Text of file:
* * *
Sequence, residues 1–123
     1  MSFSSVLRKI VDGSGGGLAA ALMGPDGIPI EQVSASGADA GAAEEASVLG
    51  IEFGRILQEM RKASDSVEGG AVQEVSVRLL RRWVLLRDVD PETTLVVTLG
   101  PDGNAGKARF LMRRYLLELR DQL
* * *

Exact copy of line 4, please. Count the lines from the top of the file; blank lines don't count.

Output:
   101  PDGNAGKARF LMRRYLLELR DQL